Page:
Category Archives: Economy and Meltdown

Ken Rogoff: "Policymakers Should Be Cautious Seeing Gold's Drop As A Vote Of Confidence"

Authored by Kenneth Rogoff, originally posted at Project Syndicate,

In principle, holding gold is a form of insurance against war, financial Armageddon, and wholesale currency debasement. And, from the onset of the global financial crisis, the price of gold has often been portrayed as a barometer of global economic insecurity. So, does the collapse in gold prices – from a peak of $1,900 per ounce in August 2011 to under $1,250 at the beginning of July 2013 – represent a vote of confidence in the global economy?

To say that the gold market displays all of the classic features of a bubble gone bust is to oversimplify. There is no doubt that gold’s heady rise to the peak, from around $350 per ounce in July 2003, had investors drooling. The price would rise today because everyone had become convinced that it would rise even further tomorrow.

Doctors and dentists started selling stocks and buying gold coins. Demand for gold jewelry in India and China soared. Emerging-market central banks diversified out of dollars and into gold.

The case for buying gold had several strong components. Ten years ago, gold was selling at well below its long-term inflation-adjusted average, and the integration of three billion emerging-market citizens into the global economy could only mean a giant long-term boost to demand.

That element of the story, incidentally, remains valid. The global financial crisis added to gold’s allure, owing initially to fear of a second Great Depression. Later, some investors feared that governments would unleash inflation to ease the burden of soaring public debt and address persistent unemployment.

As central banks brought policy interest rates down to zero, no one cared that gold yields no interest. So it is nonsense to say that the rise in the price of gold was all a bubble. But it is also true that as the price rose, a growing number of naïve investors sought to buy in.

Lately, of course, the fundamentals have reversed somewhat, and the speculative frenzy has reversed even more. China’s economy continues to soften; India’s growth rate is down sharply from a few years ago. By contrast, despite the ill-advised fiscal sequester, the US economy appears to be healing gradually. Global interest rates have risen 100 basis points since the US Federal Reserve started suggesting – quite prematurely, in my view – that it would wind down its policy of quantitative easing.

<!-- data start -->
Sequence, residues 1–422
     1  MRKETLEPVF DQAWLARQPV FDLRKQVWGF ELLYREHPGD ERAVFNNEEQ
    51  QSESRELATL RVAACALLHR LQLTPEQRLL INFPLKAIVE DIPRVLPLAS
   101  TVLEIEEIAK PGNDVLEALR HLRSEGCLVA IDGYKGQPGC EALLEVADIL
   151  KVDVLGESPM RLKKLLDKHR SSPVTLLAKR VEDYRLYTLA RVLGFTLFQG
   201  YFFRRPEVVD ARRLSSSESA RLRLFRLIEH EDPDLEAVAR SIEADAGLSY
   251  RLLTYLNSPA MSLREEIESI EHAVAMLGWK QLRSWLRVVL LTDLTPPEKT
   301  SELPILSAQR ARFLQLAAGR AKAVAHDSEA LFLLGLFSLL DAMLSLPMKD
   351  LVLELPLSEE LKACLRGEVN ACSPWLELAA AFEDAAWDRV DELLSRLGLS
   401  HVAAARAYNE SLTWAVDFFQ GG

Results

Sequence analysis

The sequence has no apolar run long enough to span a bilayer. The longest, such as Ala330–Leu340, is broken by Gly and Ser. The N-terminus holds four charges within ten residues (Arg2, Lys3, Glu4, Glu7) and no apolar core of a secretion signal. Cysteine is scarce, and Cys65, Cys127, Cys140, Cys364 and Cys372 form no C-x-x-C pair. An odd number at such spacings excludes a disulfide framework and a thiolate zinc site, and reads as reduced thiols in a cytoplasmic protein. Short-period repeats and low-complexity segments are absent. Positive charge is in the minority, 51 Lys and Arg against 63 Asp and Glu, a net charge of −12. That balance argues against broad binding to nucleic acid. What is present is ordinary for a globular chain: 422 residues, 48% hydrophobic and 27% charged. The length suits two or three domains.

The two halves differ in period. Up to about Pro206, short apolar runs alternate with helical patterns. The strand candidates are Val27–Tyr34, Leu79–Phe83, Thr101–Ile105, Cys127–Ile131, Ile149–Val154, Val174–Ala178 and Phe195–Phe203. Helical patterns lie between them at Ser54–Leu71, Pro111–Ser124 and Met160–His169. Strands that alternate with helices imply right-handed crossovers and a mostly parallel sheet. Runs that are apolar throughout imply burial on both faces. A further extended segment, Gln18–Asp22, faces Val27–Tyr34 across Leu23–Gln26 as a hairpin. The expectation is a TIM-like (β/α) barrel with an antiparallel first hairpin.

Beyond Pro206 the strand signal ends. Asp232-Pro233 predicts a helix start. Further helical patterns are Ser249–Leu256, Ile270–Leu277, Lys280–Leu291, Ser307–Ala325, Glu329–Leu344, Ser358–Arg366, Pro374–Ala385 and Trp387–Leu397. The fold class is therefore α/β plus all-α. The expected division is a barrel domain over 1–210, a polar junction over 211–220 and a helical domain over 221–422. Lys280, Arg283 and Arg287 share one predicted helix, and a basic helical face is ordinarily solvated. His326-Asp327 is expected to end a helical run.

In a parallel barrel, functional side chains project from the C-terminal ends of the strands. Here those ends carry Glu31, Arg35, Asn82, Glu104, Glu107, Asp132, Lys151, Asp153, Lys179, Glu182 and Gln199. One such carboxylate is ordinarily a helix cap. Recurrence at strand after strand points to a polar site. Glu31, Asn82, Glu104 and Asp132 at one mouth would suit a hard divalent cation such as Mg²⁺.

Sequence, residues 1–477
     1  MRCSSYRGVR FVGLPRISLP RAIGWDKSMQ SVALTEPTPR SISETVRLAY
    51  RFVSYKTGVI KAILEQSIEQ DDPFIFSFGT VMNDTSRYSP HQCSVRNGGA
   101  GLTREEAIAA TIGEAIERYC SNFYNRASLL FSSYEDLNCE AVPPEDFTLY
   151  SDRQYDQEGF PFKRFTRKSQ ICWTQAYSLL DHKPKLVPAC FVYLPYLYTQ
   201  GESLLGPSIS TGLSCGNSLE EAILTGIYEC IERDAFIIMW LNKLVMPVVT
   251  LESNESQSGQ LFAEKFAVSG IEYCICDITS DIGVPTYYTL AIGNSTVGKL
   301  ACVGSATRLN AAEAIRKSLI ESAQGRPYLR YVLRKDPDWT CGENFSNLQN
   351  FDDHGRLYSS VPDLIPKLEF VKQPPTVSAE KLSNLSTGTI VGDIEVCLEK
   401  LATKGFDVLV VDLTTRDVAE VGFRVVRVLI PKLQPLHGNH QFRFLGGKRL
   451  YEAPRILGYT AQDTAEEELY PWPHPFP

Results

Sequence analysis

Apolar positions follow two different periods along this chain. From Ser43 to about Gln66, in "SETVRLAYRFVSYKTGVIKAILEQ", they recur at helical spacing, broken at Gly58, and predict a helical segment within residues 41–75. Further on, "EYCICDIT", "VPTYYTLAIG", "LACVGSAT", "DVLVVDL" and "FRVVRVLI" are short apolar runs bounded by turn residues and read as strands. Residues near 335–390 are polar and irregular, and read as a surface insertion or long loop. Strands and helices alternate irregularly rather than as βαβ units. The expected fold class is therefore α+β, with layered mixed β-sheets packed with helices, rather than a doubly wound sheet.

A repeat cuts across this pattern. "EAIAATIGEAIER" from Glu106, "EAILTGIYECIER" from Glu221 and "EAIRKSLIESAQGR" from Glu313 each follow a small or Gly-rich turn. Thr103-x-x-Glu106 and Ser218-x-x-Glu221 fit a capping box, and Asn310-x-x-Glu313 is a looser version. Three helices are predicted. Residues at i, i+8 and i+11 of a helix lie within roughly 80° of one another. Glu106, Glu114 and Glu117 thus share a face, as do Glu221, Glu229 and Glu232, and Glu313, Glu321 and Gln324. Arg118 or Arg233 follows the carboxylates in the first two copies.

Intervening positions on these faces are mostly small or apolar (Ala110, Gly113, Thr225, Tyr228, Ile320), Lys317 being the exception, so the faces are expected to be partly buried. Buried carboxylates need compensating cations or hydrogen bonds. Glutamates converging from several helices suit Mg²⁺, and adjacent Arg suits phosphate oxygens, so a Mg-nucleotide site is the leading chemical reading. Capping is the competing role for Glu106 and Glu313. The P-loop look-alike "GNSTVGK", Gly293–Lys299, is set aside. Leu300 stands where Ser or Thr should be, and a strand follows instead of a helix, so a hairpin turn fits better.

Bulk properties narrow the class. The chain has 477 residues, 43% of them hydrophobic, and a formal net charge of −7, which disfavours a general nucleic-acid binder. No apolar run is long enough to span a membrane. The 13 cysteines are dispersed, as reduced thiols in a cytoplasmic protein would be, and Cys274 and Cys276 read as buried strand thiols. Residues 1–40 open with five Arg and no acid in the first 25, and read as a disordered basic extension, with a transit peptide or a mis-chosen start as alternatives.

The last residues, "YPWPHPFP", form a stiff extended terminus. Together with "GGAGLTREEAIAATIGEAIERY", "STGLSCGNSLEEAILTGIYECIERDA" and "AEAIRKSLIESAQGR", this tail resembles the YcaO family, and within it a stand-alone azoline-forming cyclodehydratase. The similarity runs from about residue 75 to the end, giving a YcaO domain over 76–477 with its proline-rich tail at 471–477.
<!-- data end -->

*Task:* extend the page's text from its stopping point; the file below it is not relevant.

With the Fed underscoring its strong anti-inflation bias, it is harder to argue that investors need gold as a hedge against high inflation. And, as the doctors and dentists who were buying gold coins two years ago now unload them, it is not yet clear where the downward price spiral will stop. Some are targeting the psychologically compelling $1,000 barrier.

In fact, the case for or against gold has not changed all that much since 2010, when I last wrote about it. In October of that year, the price of gold – the consummate faith-based speculative asset – was on the way up, having just hit $1,300. But the real case for holding it, then as now, was never a speculative one. Rather, gold is a hedge. If you are a high-net-worth investor, or a sovereign wealth fund, it makes perfect sense to hold a small percentage of your assets in gold as a hedge against extreme events.

Holding gold can also make sense for middle-class and poor households in countries – for example, China and India – that significantly limit access to other financial investments. For most others, gold is just another gamble that one can make. And, as with all gambles, it is not necessarily a winning one.

Unless governments firmly set the price of gold, as they did before World War I, the market for it will inevitably be risky and volatile. In a study published in January, the economists Claude Erb and Campbell Harvey consider several possible models of gold’s fundamental price, and find that gold is at best only loosely tethered to any of them. Instead, the price of gold often seems to drift far above or far below its fundamental long-term value for extended periods. (This behavior is, of course, not unlike that of many other financial assets, such as exchange rates or stock prices, though gold’s price swings may be more extreme.)

Gold bugs sometimes cite isolated historical data that suggest that gold’s long-term value has remained stable over the millennia. For example, Stephen Harmston’s oft-cited 1998 study points to anecdotal evidence that an ounce of gold bought 350 loaves of bread in the time of Nebuchadnezzar, king of Babylon, who died in 562 BC. Ignoring the fact that bread in Babylon was probably healthier than today’s highly refined product, the price of gold today is not so different, equal to perhaps 600 loaves of bread.